US mid-terms could spark infrastructure spend

A better balance of power could lead to a stable infrastructure plan

Fund managers are keeping an eye on infrastructure investment plans while European fund selectors’ faith in US equities has dipped again, after the Democrats won control of the House of Representatives in the US mid-term elections.

BNY Mellon Global Infrastructure Income fund manager Jim Lydotes says the election outcome was supportive of a larger infrastructure programme as it was a topic both parties agreed on during the 2016 presidental election.

“We are not pegging our story to a huge revival of US infrastructure but with a better balance of power we could emerge with a legitimate infrastructure investment plan,” Lydotes says.

“With a better balance of power, even with a little bit of continued malaise in equity markets, a stable infrastructure plan can be a good way of invigorating the domestic economy.

“China has been doing this for 20 years. When the economy gets weak, the government stimulates it with fixed infrastructure investment, which in turn drives the economy. Perhaps the US could take a leaf out of that book.”

“For equities, the historical precedent has been for markets to underperform ahead of the midterm elections and then rally until year-end. We expect this trend to be continued.”

Fidelity International’s head of asset management for Asia Pacific, Paras Anand, agrees and says it was possible that a bi-partisan focus could move its attention on the need for domestic infrastructure investment.

Anand says the Democrat view on the budget deficit might change from opposition to tax cuts to spending on roads, hospitals, and airports.

“Any development in this direction would further spur the overall economy, continue to push wages in an already tight labour market, and potentially challenge the current expectations around the Federal Reserve’s activity for next year,” he says.

“Most political events have an underwhelming economic impact – could the US midterms prove the exception?”

US growth slow down

However, Merian Global Investors fund manager, Nick Wall, says the Democrats might be reluctant to endorse an infrastructure bill that boosted Trump’s chances of re-election in two years.

“On trade, anyone hoping that the Democrats’ win will see a more moderate tone may want to think again – belief that China has engaged in unfair trade practices is not purely a Republican trait,” Wall says.

“There is a potential curveball though if Trump switches his focus to the economy and the stock market to win over moderates turned off by his aggressive campaign against immigration. In this scenario, there may be potential for a thaw in the trade war.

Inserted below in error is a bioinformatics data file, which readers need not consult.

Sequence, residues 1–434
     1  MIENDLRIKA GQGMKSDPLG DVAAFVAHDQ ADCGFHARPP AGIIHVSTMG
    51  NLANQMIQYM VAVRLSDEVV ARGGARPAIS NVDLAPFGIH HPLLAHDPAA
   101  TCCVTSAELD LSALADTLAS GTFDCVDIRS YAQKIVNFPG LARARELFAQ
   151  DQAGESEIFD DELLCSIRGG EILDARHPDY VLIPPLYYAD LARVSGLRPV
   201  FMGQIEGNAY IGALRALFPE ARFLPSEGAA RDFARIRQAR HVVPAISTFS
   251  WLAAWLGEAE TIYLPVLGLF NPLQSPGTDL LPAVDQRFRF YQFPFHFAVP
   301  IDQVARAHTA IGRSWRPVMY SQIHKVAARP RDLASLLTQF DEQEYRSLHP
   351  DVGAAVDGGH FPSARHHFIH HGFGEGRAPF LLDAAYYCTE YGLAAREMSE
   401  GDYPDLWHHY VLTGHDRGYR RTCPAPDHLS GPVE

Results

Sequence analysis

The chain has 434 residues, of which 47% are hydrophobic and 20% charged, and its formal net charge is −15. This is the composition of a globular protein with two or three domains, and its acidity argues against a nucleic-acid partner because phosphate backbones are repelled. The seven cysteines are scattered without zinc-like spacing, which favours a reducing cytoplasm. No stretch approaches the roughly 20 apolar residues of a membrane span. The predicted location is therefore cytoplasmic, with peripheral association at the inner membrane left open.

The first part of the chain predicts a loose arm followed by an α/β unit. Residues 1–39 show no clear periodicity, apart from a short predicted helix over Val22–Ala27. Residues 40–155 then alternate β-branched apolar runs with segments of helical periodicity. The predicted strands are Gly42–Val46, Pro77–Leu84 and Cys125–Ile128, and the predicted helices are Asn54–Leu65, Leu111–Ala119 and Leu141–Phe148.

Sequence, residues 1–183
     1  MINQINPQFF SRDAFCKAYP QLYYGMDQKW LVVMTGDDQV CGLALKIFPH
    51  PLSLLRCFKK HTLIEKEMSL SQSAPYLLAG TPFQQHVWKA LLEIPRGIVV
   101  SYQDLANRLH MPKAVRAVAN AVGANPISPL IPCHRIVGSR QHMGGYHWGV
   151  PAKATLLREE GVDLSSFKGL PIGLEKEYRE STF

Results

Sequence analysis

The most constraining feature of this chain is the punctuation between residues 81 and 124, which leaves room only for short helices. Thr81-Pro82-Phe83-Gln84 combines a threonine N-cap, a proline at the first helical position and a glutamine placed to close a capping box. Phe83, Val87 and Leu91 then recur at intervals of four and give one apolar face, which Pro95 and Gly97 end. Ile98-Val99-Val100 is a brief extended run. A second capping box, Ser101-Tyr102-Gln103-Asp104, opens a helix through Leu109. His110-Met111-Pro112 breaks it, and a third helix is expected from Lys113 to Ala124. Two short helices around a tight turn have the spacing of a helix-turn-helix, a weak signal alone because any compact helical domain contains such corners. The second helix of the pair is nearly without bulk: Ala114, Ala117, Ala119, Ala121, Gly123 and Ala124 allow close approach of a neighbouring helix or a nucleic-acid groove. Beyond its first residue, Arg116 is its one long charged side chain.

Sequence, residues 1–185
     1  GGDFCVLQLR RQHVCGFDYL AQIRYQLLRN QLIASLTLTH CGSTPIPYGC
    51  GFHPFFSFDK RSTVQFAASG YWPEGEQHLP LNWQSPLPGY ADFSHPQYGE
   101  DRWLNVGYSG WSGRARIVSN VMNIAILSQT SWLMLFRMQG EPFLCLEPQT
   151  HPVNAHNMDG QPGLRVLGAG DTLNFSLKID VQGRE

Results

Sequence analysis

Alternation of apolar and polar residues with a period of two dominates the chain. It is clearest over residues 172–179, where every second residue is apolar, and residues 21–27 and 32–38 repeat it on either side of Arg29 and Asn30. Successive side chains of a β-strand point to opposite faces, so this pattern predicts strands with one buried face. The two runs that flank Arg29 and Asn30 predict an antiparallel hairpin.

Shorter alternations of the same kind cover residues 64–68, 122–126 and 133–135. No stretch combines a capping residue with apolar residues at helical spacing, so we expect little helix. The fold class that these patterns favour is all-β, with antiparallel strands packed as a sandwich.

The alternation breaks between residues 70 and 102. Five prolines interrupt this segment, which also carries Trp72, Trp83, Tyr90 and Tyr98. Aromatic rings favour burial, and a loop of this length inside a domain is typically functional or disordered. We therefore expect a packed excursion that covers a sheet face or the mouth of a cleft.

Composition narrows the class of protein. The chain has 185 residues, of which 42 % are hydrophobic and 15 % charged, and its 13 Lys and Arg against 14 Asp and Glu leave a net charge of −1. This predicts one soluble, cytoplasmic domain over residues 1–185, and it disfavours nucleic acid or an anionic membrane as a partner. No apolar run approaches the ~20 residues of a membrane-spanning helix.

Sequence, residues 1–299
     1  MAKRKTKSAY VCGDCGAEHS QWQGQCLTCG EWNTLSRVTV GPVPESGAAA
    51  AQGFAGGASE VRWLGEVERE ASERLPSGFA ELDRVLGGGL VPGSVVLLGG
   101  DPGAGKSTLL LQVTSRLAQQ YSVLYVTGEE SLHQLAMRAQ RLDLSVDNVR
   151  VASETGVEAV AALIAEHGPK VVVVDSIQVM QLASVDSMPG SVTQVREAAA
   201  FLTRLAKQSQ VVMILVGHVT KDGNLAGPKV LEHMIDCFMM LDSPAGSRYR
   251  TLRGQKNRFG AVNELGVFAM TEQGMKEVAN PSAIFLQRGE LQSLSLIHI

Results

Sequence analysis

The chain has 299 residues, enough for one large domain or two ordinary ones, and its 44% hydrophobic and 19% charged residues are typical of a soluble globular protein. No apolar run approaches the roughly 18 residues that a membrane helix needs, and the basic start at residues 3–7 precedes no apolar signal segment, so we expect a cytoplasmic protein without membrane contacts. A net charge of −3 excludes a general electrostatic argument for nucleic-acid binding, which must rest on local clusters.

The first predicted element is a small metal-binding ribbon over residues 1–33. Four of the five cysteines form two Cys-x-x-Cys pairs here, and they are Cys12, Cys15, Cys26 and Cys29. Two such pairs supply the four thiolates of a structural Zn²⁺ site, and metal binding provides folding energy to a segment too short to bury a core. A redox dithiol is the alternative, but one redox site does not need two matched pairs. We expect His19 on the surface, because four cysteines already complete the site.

“In terms of markets, we believe that we are seeing the end of US exceptionalism and global growth can resynchronise – albeit at a lower level than in 2017, with outputs gaps shut and government spending no longer accelerating. The US is running large twin deficits, and textbooks suggest should lead to a weaker currency.”

On the flip side, Deutsche Bank chief international economist, Torsten Slok says a split Congress had historically meant a bullish equity market and he expected to see the same pattern again.

“Trade policy will be important for inflation, GDP, and for many individual stocks… And fiscal policy will matter for issuance of treasuries and it could also matter for the level of long-term interest rates,” he says.

European fund buyers wane on US equities

However, European fund selectors did not feel the same way as US equity sentiment slipped back into last place as the least popular asset class, out of 26 in Q3, according to Last Word Research.

“US equities is one of those asset classes where a high level fund buyers – our respondents – are not aligned with the broader market,” the research says.

“US equity demand has slumped back down after the slight rise last quarter. However, the retail market has yet to stop buying.”

Luxembourg selectors were the only buyers that had a net positive sentiment towards the asset class and placed it 14th out of 26 in terms of popularity, compared to last place for pan-European selectors.

For pan-European selectors, 13% were looking to increase their US equity allocations over the 12 months to September 2019, 48% to hold, 33% to decrease, and 6% did not use the asset class.

Source: Last Word Research

This is the first time since Q2 2017 that sentiment has changed the direction of travel to a downwards one.

Source: Last Word Research

Titus Gesellschaft für Finanzdienstleistungen’s managing director Stefan Schrader says while he would be indirectly increasing his US equity allocation through global mandates he would not do it directly due to drawdowns.

“The prices have come down quite a lot but the US market is still one of the most expensive all over the world,” Schrader says.

During Q2, Schrader increased his US tech allocations but said this would now be rebalanced due to drawdowns.

“We will have at the end of next week have around 10% of allocation in US tech equities, now it’s less because this position had the biggest drawdowns since July,” he says.

Disagreeing, Amundi chief investment officer of US investment management, Ken Taubes says while he did not expect a significant immediate market reaction, fixed income markets could come under pressure if the president and Congress approved a new stimulative fiscal program.

“For equities, the historical precedent has been for markets to underperform ahead of the midterm elections and then rally until year-end. We expect this trend to be continued,” he says.

“After the midterm election, moving towards 2019, equity markets will shift their focus more to fundamentals such as earnings sustainability. The outlook is still positive for US equity in 2019, but with a strong focus on selection as the economic and financial cycles mature.”

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